Letters like those written in the article are perfectly acceptable in my opinion. What should be mentioned from a cautionary standpoint, are words that could be misconstrued as discriminatory in nature as defined by HUD (Housing and Urban Development). Title VIII of the Fair Housing Act prohibits discrimination against a variety of classes. So, even with the best of intentions in mind, a letter like the sample above could be a lawsuit in the making. I am thinking of using the letter from the NYT article though…

What are your thoughts?

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Is it my agent’s fault? (Part III)

So the house looks great, the information in the MLS and online is correct and attractive, the advertising is going strong, yet still only a handful of buyers have visited?

One myth that many sellers seem to believe is that real estate agents sell houses. We don’t. Okay, I’ve let the cat out of the bag. The wizard has come out from behind the curtain.

When I describe what I do to folks, I tell them that I help people buy and sell houses. The key word is “people”. Without “people”, I would just be looking at homes, and living on welfare (which may be soon if buyers don’t start buying). Sometimes, you can do everything right, and still have nobody come and look at your home. If there is nobody in your price range looking for a home with features that your offers, there is nothing that I nor any other real estate agent can do. I can’t wave a magic wand and have a buyer appear. Some agents might promote that they could do this, but they’d be lying.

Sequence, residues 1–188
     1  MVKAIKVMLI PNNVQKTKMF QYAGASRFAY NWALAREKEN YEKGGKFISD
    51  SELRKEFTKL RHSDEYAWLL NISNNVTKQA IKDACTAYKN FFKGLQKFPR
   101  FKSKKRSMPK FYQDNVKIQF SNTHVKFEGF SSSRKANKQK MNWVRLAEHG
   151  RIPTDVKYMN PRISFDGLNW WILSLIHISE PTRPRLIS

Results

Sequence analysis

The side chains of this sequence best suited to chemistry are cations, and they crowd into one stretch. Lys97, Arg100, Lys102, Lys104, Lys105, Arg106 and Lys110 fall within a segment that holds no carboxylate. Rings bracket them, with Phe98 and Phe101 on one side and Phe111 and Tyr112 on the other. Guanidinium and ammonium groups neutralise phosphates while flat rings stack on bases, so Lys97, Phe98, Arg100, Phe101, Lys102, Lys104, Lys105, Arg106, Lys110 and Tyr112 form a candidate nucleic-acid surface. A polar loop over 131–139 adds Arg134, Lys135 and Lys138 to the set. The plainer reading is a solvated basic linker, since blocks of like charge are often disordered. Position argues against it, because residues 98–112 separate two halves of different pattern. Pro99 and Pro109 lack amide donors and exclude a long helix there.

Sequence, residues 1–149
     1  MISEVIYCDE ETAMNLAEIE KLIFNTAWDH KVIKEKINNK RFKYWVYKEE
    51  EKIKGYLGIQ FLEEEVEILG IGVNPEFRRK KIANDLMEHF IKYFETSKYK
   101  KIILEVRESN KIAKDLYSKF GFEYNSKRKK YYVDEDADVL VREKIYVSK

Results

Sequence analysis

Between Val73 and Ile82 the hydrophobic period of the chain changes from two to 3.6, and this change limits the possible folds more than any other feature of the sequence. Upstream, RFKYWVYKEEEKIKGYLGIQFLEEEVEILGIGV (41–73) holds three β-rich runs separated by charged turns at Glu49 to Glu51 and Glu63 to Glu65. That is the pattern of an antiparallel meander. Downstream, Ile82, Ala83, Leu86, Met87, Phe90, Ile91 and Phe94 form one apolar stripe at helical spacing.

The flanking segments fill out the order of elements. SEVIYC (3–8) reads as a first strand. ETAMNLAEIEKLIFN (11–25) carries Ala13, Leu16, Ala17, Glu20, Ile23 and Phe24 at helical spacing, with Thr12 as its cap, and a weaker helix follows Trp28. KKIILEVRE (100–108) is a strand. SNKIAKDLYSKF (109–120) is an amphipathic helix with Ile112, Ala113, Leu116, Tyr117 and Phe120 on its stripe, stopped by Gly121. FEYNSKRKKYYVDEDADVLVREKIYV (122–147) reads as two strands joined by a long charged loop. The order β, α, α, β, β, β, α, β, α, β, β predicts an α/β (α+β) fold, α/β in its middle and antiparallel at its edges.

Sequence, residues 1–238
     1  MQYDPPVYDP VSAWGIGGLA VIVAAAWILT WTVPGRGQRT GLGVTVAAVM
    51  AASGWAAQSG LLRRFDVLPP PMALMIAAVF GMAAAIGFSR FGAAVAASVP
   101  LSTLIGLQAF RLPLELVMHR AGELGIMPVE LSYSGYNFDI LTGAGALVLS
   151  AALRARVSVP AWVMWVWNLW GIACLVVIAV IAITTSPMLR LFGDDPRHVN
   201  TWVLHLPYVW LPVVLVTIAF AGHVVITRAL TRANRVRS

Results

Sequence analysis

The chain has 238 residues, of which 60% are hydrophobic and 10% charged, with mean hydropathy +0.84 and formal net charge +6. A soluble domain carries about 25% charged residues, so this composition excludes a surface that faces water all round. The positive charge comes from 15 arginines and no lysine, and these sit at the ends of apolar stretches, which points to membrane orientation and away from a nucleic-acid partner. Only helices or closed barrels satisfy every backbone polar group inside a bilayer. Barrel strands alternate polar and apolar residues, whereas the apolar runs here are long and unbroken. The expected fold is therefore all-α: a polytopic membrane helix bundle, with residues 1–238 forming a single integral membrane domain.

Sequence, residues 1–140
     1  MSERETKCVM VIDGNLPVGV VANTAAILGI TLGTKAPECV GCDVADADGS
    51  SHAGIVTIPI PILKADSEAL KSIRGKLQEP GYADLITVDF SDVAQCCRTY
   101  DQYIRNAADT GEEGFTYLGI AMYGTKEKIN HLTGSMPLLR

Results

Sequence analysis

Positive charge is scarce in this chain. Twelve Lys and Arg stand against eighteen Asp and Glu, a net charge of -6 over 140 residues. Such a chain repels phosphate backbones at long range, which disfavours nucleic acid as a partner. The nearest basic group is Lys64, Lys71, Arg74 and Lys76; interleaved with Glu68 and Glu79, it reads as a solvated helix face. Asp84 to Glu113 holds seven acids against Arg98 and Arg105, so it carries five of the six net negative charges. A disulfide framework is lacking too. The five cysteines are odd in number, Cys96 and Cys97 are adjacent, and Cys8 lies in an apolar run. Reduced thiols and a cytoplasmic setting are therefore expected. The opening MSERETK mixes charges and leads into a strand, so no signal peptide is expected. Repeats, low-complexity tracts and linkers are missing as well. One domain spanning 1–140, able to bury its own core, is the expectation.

How do you gain visibility for your home if there are no buyers? I can’t make buyers appear, but you as the seller can. How you ask?

You could lower the price (you’ve heard that before, haven’t you?).
You could offer different terms (carry back a 2nd mortgage on the property or pay closing costs).
You could offer buyer incentives (appliances, etc.)

Lastly (and this is the hardest option for sellers),
You can be patient. A buyer will materialize sooner or later. They always do. Just don’t kill the messenger. If your agent is doing what he/she should be doing to expose your home to the market, don’t blame him/her for there not being any buyers around.